I did not get home from Tioga till last Monday; and our county courts being held this week, I have not had a minute’s time to transcribe the papers relative to the Conference which it will be proper to lay before you. That I shall accomplish the ensuing week; & the week after I expect to lay them before you in Philadelphia.8 I have the honour &c.


ADfS, MHi: Timothy Pickering Papers.

1For the background of this letter, see GW to Pickering, 4 Sept. 1790, and Pickering to GW, 5 Sept. 1790. The purpose of Pickering’s mission was to assuage the resentment engendered among the Seneca by the murder of two Seneca men by a group of Pennsylvania settlers and to prevent them from joining the Indian tribes of the Ohio Valley in their war with the United States.

2The parenthetical expression “(particularly of one Horatio Jones an interpreter)” is deleted after this point in Pickering’s draft.

3On 9 Nov. 1790 Andrew Ellicott arrived at Tioga and informed Pickering “that some white men, with ill designs, had prevented the Indians coming on sooner. . . . That the British at Niagara had endeavoured to prevent the Indians coming to the treaty. That he was at their council at Buffaloe Creek, when they asked the opinion of a British Captain of Grenadiers; who advised them not to come” (Pickering’s journal of his mission to the Seneca, 9 Nov. 1790, MHi: Pickering Papers).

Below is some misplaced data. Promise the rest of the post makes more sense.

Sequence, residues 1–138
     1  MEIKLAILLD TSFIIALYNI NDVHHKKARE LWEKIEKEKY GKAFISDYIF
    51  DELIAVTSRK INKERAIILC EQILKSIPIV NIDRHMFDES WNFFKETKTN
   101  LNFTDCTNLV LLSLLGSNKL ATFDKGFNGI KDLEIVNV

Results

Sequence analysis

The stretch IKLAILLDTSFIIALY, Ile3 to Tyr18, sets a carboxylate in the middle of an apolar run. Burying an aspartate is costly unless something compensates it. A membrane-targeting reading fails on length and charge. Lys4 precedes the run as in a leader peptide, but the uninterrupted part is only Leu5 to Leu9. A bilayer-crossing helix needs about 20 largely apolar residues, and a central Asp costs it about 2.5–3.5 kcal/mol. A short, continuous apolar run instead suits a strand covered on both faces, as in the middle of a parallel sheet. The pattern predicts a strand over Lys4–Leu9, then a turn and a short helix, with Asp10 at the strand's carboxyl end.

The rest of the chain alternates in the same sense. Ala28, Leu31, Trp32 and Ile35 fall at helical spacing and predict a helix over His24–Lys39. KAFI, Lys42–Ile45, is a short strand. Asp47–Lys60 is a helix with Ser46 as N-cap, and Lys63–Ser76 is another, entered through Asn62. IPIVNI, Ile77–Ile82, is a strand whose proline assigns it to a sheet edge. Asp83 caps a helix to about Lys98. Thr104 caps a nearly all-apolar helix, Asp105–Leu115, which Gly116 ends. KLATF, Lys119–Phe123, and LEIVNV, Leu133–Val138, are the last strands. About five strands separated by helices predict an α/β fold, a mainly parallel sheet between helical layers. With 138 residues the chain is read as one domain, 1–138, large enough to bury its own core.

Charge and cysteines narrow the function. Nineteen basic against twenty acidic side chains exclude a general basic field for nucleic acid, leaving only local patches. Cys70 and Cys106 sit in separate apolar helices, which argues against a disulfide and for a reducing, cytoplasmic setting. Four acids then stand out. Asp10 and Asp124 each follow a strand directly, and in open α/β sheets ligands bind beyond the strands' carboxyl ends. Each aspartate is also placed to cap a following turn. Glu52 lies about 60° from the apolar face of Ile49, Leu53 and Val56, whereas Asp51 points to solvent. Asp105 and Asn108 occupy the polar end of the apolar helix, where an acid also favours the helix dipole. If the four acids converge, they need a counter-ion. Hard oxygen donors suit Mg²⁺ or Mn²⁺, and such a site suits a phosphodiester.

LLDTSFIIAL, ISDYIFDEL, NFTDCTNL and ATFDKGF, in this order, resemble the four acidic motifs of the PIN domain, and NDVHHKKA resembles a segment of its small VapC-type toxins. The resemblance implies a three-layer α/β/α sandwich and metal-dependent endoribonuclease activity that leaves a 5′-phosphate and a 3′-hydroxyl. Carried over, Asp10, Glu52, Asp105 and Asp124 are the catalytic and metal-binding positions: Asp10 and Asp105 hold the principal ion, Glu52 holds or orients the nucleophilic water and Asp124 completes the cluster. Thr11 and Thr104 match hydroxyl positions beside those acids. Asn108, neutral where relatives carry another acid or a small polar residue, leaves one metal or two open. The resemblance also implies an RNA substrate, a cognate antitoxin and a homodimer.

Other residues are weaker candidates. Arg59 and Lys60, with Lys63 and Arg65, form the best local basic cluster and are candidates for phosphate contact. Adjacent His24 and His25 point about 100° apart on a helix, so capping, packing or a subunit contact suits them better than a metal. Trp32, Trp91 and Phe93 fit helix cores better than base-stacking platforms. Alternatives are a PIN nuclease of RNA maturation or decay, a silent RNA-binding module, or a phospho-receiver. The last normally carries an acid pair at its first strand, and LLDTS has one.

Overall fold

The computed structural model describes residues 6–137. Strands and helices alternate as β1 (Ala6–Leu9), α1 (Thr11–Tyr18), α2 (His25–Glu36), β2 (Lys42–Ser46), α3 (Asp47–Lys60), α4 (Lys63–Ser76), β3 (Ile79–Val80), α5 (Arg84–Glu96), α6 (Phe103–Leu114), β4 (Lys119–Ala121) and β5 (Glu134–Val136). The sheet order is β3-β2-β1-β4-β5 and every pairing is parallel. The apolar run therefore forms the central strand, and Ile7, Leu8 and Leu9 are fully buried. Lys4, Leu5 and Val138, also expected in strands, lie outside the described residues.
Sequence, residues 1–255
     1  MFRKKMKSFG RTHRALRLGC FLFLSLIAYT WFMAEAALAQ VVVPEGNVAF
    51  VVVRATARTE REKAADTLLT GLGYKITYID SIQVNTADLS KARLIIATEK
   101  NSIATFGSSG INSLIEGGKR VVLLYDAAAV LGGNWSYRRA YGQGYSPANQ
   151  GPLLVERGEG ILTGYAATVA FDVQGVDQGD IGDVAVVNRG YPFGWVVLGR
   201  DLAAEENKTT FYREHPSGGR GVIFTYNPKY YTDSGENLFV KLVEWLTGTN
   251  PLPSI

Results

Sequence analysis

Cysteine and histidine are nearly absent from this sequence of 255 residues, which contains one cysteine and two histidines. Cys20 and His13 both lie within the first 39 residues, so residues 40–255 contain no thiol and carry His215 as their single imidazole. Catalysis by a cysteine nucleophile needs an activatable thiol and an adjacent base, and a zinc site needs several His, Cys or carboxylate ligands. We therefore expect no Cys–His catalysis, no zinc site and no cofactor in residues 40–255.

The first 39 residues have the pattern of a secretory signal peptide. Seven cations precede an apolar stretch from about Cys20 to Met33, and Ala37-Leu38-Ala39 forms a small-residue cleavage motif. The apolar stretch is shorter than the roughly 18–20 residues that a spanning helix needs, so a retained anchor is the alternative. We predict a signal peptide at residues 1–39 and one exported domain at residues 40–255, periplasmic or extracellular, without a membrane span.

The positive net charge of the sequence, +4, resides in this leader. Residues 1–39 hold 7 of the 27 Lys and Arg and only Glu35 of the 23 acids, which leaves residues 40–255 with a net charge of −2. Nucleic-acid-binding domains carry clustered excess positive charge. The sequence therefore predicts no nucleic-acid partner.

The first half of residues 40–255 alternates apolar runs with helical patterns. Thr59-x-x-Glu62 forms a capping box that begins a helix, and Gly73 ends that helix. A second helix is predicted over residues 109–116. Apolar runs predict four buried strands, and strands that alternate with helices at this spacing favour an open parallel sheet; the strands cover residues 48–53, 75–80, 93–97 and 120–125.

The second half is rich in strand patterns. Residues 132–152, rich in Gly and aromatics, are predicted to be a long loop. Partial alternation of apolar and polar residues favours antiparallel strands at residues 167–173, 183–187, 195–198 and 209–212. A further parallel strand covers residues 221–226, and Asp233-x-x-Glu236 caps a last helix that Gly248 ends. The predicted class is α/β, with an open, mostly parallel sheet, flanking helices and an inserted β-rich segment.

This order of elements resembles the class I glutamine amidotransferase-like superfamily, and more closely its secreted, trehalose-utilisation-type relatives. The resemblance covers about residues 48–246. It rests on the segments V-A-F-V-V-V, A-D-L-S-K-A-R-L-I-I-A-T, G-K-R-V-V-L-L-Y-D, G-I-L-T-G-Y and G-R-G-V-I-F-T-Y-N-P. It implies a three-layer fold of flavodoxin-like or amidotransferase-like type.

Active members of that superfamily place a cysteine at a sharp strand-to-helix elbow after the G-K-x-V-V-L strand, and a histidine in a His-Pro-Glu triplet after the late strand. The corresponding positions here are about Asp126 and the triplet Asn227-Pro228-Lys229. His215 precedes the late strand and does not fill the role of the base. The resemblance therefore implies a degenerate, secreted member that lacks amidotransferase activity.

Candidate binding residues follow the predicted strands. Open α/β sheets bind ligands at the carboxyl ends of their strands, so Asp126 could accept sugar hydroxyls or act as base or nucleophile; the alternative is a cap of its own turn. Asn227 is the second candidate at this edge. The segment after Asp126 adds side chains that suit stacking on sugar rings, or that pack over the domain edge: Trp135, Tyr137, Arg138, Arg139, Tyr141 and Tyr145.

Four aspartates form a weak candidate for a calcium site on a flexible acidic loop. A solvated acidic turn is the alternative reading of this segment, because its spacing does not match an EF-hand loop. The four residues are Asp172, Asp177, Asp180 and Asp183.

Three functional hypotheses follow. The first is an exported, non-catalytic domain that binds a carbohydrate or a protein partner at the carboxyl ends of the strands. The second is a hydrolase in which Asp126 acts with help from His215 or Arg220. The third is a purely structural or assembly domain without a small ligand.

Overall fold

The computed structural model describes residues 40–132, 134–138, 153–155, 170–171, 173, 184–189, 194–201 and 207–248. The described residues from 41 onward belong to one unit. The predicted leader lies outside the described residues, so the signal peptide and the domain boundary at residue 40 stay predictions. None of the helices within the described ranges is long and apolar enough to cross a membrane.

4Pickering deleted “& I hope will meet with your approbation” and ended the sentence at this point.

5Pickering deleted “& not to drive a bargain” and ended the sentence at this point.

6One of the suspects, Samuel Doyle, was apprehended in September and imprisoned in the jail in Lancaster, Pa. (see GW to Edmund Randolph, 3 Oct. 1790). At his trial, which was held on 12 Nov. 1790 at Sunbury, Pa., before a state court of oyer and terminer presided over by Chief Justice Thomas McKean and Associate Justice George Bryan of the state supreme court, Doyle was acquitted of the charge of murder in aiding and abetting Henry Walker’s tomahawking to death a Seneca man (the victim’s name was not known to the court) on 27 June 1790 (Pa. Archives, description begins Samuel Hazard et al., eds. Pennsylvania Archives. 9 ser., 138 vols. Philadelphia and Harrisburg, 1852–1949. description ends 1st ser., 11:744–46).

7Pickering deleted “But I must beg your pardon for troubling you with these lengthy remarks. The whole of my conferences with the Indians” at this point.

8On 10 Dec. 1790 Tobias Lear transmitted “the enclosed papers & Letters relative to Col. Pickering’s mission into the Indian Country,” undoubtedly including Pickering’s letter of 4 Dec. 1790 to Henry Knox (DLC:GW). For Pickering’s final report, see Pickering to GW, 23 Dec. 1790.